New enzyme discovered in mammals
January 11, 2016 § 2 Comments
Mammals, there’s a new enzyme in town. In a paper just published in the Proceedings of the National Academy of Sciences, scientists report the discovery of a new enzyme called glycerol-3-phosphate phosphatase. The enzyme plays a critical role in metabolism by overseeing the levels of different fuels in the body.
Metabolism has been a heavily trodden field of study ever since the dawn of molecular biology. These days, “it is extremely rare that a novel enzyme is discovered at the heart of intermediary metabolism in all mammalian tissues,” says S.R. Murthy Madiraju at the Montreal Diabetes Research Center, one of the corresponding authors on the paper.
Madiraju, along with Marc Prentki at the Montreal Diabetes Research Center and others, found the enzyme while grappling with a puzzle. They were studying pancreatic beta cells that produce insulin to control blood glucose levels. These cells get stressed when barraged with metabolic fuel from the diet, such as glucose and fatty acids. When that happens, the cells make and get rid of glycerol as a way of dealing with the excessive fuel supply.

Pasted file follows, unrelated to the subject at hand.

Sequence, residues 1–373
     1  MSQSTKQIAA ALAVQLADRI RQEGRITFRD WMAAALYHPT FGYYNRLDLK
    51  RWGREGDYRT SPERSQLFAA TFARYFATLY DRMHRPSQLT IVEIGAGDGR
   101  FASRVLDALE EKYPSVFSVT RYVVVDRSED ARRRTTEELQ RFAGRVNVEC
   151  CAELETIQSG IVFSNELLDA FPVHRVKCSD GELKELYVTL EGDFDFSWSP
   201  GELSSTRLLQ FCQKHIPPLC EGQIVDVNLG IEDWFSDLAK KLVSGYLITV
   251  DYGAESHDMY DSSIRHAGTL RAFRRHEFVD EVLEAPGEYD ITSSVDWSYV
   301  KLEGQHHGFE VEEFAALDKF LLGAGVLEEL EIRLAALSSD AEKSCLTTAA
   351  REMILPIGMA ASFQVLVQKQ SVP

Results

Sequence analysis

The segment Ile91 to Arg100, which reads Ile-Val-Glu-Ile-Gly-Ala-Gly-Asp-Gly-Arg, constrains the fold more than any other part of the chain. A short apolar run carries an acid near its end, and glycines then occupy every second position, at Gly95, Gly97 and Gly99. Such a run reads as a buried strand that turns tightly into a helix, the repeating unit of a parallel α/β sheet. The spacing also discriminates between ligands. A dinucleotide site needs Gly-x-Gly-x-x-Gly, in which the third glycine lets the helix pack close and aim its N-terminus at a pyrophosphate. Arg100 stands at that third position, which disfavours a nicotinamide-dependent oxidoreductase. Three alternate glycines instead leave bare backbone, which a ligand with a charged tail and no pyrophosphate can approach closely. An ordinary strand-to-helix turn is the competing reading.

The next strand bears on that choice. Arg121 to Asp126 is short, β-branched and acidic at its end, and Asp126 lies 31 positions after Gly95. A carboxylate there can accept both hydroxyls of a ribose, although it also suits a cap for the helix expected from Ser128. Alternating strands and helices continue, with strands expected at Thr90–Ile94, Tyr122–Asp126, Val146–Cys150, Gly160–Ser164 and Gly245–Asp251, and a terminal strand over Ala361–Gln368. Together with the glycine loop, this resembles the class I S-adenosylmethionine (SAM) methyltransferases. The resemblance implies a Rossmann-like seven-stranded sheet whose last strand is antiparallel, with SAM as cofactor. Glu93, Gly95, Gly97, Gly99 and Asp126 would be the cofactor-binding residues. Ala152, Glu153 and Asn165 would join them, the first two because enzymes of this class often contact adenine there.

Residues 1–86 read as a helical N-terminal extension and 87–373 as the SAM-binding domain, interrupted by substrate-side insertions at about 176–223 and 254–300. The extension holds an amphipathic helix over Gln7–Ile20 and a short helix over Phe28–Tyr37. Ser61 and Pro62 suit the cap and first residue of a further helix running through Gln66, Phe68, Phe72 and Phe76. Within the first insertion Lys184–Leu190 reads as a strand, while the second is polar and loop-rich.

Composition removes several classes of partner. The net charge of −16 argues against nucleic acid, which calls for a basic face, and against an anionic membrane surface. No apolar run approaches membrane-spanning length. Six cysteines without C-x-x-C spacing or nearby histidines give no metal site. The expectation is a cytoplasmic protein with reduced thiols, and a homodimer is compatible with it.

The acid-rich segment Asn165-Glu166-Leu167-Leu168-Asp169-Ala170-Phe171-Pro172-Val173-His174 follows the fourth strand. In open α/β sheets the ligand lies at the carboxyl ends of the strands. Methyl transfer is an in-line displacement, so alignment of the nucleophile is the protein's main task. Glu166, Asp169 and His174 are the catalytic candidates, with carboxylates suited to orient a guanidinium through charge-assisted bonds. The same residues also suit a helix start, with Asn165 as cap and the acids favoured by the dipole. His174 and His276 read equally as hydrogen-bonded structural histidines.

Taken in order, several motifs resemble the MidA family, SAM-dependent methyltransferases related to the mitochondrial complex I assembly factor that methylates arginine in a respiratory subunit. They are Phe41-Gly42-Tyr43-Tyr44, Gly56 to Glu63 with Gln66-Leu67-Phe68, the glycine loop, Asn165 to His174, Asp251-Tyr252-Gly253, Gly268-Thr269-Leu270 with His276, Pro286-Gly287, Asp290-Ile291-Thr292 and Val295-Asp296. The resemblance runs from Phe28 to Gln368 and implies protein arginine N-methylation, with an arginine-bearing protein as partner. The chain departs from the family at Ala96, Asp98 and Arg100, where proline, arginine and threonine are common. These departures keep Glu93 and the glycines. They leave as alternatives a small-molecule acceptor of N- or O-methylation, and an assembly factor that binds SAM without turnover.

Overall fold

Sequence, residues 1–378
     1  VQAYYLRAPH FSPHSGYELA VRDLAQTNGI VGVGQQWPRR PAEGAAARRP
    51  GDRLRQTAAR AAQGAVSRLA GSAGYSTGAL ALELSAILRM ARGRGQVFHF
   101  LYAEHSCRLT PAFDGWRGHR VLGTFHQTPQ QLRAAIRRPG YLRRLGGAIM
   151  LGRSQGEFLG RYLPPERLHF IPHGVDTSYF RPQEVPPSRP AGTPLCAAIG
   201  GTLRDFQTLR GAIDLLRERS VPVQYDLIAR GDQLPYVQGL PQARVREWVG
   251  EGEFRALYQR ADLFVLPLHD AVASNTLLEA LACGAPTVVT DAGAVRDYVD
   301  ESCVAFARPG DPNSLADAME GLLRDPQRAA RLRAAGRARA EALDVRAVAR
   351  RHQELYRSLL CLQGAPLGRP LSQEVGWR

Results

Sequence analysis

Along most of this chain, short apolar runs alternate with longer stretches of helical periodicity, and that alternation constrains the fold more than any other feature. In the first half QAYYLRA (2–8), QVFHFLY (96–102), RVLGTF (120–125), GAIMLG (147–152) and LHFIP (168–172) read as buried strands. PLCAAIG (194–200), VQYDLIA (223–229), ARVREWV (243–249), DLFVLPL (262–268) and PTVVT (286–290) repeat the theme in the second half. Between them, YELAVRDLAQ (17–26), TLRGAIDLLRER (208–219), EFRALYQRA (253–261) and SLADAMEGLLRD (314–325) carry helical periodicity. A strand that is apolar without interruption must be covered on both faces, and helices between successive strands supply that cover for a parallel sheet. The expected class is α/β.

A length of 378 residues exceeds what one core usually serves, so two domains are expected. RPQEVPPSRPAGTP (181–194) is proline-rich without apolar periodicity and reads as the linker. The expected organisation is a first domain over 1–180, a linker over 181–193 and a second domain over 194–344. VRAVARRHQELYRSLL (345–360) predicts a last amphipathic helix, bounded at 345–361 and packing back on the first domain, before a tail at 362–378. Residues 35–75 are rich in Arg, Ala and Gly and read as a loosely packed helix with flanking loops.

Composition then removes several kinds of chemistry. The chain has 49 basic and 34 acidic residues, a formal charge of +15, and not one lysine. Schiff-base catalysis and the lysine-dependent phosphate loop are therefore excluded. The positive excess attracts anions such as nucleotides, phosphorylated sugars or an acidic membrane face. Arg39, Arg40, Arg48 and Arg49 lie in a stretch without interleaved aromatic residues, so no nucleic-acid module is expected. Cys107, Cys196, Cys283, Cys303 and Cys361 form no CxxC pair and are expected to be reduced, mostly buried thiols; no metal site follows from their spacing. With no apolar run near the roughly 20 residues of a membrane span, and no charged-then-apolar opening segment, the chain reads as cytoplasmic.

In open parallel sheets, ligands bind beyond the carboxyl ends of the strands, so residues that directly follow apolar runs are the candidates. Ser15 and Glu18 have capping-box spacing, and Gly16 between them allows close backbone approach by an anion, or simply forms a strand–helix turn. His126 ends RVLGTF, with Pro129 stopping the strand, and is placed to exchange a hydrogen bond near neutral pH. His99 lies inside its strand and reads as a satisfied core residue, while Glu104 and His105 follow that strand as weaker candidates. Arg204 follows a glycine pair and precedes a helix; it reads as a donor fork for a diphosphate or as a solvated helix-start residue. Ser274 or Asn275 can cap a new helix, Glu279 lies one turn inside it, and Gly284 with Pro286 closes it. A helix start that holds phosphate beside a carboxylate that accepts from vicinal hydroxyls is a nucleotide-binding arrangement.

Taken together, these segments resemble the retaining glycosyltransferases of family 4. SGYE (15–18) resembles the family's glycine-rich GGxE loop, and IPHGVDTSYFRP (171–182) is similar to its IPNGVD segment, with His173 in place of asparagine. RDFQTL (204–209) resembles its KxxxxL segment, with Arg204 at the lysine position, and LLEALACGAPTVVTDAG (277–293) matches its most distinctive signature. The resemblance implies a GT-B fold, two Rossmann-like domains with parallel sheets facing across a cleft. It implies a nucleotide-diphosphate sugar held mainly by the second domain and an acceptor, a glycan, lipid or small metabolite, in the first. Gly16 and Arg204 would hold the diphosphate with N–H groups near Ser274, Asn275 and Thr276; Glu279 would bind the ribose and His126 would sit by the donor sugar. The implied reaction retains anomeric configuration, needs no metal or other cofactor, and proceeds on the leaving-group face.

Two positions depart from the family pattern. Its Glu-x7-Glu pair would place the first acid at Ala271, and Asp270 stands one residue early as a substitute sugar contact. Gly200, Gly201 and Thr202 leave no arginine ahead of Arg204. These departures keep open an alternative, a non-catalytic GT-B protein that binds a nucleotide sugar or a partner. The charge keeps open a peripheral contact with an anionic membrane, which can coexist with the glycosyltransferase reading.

Initially researchers thought the glycerol came from the breakdown of fats. But when Madiraju, Prentki and colleagues inhibited fat breakdown, the cells kept making glycerol. This suggested there was another glycerol source.
Microorganisms, plants and some fish have an enzyme that turns a molecule called glycerol-3-phosphate into glycerol. Mammals were thought not to have the enzyme.
But the investigators set out to check if mammals really and truly didn’t have a glycerol-3-phosphate phosphatase. It turns out they do. Madiraju, Prentki and colleagues confirmed the presence of the enzyme both in cell and animal models.
In discovering a mammalian glycerol-3-phosphate phosphatase, “we have to re-adjust our thinking that fat breakdown is not the only way by which mammalian cells generate glycerol, as has been believed so far!” says Prentki.
Glycerol-3-phosphate, the molecule on which the enzyme works, is made from glucose and gets incorporated into fats. It lies at the heart of glucose and lipid metabolism. With the discovery of an enzyme that can directly break down glycerol-3-phosphate, researchers now have a new player to contend with in understanding how the body maintains energy levels under normal circumstances and what goes wrong in different metabolic diseases.
The investigators say that they believe that, because of its critical metabolic role, glycerol-3-phosphate phosphatase will be a new target for treating chronic conditions such as obesity and type 2 diabetes as well as some cancers.